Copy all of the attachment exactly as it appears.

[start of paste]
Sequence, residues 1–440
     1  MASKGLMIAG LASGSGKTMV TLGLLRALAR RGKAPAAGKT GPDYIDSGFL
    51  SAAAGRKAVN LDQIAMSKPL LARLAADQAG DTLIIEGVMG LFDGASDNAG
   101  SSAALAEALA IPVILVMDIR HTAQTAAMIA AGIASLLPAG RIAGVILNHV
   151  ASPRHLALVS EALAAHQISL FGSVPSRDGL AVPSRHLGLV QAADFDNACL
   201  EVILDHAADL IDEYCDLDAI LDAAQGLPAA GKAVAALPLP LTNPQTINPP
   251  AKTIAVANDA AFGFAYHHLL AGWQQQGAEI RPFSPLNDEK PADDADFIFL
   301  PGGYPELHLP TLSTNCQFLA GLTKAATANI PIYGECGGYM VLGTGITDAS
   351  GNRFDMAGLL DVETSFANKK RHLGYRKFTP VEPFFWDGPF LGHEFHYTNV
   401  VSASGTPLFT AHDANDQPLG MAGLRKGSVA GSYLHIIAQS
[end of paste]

Sequence, residues 1–440
     1  MASKGLMIAG LASGSGKTMV TLGLLRALAR RGKAPAAGKT GPDYIDSGFL
    51  SAAAGRKAVN LDQIAMSKPL LARLAADQAG DTLIIEGVMG LFDGASDNAG
   101  SSAALAEALA IPVILVMDIR HTAQTAAMIA AGIASLLPAG RIAGVILNHV
   151  ASPRHLALVS EALAAHQISL FGSVPSRDGL AVPSRHLGLV QAADFDNACL
   201  EVILDHAADL IDEYCDLDAI LDAAQGLPAA GKAVAALPLP LTNPQTINPP
   251  AKTIAVANDA AFGFAYHHLL AGWQQQGAEI RPFSPLNDEK PADDADFIFL
   301  PGGYPELHLP TLSTNCQFLA GLTKAATANI PIYGECGGYM VLGTGITDAS
   351  GNRFDMAGLL DVETSFANKK RHLGYRKFTP VEPFFWDGPF LGHEFHYTNV
   401  VSASGTPLFT AHDANDQPLG MAGLRKGSVA GSYLHIIAQS